Bendix technology reacts to stationary vehicles in a truck's path

By David Tanner, Land Line senior editor | Friday, September 19, 2014

Braking for a stationary vehicle in the roadway can test even the best of drivers on their best days.

Bendix Commercial Vehicle Systems says its newest technology, once introduced, will be able to detect a stationary vehicle in a truck’s path, warn the driver, and apply the brakes if the driver does not react in time.

T.J. Thomas, Bendix director of marketing and customer solutions in the company’s controls group, says the new system will be the first to offer “stationary vehicle braking” in the North American market. Thomas says it will be ready for launch in 2015 and will pair up with the company’s Wingman Advanced forward radar system.

“Today’s Wingman has radar as its heart, and the radar sees out using the Doppler effect. It’s very good at (calculating) the distance, angle and speed of the objects around it,” Thomas told Land Line. “What it can’t determine is size or exact position. It makes very good inferences,” he said.

“When you add a camera to that technology, the camera is very good at being a complement to that radar, meaning it’s good at things that the radar isn’t necessarily the best at. The camera can see how big an object is, it can see what it is, and it can see its exact placement in the lane, all that kind of stuff.”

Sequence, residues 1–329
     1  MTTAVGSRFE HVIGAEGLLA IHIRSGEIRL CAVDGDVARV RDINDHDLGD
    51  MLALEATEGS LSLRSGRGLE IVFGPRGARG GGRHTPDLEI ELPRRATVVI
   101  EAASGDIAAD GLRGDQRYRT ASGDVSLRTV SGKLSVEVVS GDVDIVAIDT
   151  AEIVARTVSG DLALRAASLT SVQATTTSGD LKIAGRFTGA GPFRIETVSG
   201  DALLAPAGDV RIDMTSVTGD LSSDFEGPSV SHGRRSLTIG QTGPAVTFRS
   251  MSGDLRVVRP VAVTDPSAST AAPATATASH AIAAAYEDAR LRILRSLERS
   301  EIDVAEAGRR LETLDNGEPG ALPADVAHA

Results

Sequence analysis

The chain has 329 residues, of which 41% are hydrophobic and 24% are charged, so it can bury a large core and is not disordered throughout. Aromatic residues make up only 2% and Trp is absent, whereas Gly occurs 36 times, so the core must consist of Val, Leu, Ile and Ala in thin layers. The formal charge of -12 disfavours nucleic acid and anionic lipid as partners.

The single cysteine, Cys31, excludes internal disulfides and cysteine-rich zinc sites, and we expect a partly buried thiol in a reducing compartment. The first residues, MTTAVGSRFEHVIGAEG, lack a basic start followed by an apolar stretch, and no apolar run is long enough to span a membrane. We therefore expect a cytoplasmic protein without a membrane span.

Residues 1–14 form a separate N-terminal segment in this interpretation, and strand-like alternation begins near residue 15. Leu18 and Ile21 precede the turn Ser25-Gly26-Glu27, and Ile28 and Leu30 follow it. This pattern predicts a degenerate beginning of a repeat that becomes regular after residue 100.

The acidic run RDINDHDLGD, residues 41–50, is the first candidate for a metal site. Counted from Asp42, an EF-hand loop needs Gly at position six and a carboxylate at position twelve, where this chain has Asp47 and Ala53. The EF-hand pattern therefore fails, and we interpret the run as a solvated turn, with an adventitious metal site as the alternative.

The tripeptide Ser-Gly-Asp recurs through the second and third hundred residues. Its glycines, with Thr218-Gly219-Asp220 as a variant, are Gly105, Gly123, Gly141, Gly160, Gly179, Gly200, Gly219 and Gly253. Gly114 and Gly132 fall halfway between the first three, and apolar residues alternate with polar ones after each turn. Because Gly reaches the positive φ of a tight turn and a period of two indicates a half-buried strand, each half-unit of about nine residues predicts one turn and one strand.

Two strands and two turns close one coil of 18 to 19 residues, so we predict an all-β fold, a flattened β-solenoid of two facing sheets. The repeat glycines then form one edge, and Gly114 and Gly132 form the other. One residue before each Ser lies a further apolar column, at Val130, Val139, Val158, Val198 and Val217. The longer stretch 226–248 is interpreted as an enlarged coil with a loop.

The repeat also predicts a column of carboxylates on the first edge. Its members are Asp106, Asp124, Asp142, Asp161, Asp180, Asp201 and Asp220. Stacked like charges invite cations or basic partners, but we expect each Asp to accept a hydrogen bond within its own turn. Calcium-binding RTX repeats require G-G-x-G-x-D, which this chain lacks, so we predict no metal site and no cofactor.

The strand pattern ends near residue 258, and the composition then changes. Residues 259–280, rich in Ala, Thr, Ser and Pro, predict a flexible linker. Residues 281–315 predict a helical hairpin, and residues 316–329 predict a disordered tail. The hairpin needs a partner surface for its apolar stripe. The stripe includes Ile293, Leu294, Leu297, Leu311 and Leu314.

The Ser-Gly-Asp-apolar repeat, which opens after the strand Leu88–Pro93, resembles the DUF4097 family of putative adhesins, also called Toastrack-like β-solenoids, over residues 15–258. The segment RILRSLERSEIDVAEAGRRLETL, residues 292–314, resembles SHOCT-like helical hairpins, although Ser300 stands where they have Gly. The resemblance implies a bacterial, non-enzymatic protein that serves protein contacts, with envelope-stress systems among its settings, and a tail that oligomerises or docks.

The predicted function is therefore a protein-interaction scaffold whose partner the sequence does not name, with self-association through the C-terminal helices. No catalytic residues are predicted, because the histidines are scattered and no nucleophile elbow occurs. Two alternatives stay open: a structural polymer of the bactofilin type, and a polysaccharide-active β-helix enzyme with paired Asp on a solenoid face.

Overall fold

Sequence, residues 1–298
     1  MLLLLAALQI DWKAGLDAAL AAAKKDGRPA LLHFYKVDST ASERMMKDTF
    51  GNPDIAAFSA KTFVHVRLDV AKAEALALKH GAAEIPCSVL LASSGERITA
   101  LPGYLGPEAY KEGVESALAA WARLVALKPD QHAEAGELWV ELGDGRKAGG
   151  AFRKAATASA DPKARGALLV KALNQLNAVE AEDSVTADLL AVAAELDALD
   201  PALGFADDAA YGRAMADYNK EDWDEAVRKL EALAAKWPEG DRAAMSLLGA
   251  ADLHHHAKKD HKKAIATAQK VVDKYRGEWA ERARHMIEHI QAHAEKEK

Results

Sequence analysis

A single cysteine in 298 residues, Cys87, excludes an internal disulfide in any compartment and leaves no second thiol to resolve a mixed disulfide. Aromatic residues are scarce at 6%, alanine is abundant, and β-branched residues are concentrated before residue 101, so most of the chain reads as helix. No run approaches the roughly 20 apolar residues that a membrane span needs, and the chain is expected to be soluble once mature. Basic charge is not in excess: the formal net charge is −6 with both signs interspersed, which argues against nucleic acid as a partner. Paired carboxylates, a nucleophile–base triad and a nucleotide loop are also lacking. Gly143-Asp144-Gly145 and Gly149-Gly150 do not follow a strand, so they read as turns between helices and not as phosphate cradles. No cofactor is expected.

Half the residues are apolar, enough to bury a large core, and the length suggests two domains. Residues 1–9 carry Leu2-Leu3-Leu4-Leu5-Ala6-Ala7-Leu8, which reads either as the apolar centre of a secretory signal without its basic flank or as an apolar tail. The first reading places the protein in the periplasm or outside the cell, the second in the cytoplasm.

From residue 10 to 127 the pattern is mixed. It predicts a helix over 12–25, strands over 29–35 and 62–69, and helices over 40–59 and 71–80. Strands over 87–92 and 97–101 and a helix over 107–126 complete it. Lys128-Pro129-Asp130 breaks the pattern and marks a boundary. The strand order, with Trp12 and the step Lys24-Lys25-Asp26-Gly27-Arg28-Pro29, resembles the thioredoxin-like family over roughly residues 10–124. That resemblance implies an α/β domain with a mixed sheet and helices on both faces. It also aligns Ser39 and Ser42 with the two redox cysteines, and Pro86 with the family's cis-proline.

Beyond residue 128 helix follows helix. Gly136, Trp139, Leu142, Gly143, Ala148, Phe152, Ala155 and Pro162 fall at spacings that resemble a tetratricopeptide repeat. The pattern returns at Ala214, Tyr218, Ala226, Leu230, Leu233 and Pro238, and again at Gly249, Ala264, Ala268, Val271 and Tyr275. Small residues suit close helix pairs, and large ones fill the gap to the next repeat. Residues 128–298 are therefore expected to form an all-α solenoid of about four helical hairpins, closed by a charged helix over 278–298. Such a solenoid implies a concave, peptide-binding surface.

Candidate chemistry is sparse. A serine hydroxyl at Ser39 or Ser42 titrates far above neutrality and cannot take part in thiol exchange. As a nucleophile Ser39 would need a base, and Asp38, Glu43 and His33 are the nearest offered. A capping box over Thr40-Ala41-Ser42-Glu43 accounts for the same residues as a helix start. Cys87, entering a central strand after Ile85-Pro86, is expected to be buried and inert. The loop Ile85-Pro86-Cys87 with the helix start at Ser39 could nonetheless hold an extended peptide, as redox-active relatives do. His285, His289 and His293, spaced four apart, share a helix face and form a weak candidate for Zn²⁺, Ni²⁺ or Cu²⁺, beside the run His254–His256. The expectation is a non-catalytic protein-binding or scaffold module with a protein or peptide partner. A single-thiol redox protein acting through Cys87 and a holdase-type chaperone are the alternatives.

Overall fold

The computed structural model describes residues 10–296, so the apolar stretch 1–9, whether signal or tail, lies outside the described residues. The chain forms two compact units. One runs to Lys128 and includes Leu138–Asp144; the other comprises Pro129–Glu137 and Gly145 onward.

“It’s meant to help the driver identify traffic changes that he didn’t anticipate,” he said.

Bendix Communications Director Barbara Gould says the technology is not there to replace the skills of the driver or make a driver complacent to roadway conditions.

“At the end of the day, the technology is there to keep good drivers having a good day, not a bad day,” she said. “We can’t reinforce enough that the driver is always in control.”

Bendix is currently road-testing the technology and has demonstrated it for numerous fleets.

A feature that is also being marketed to fleets involves transmitting real-time driver performance data back to the home office for analysis.

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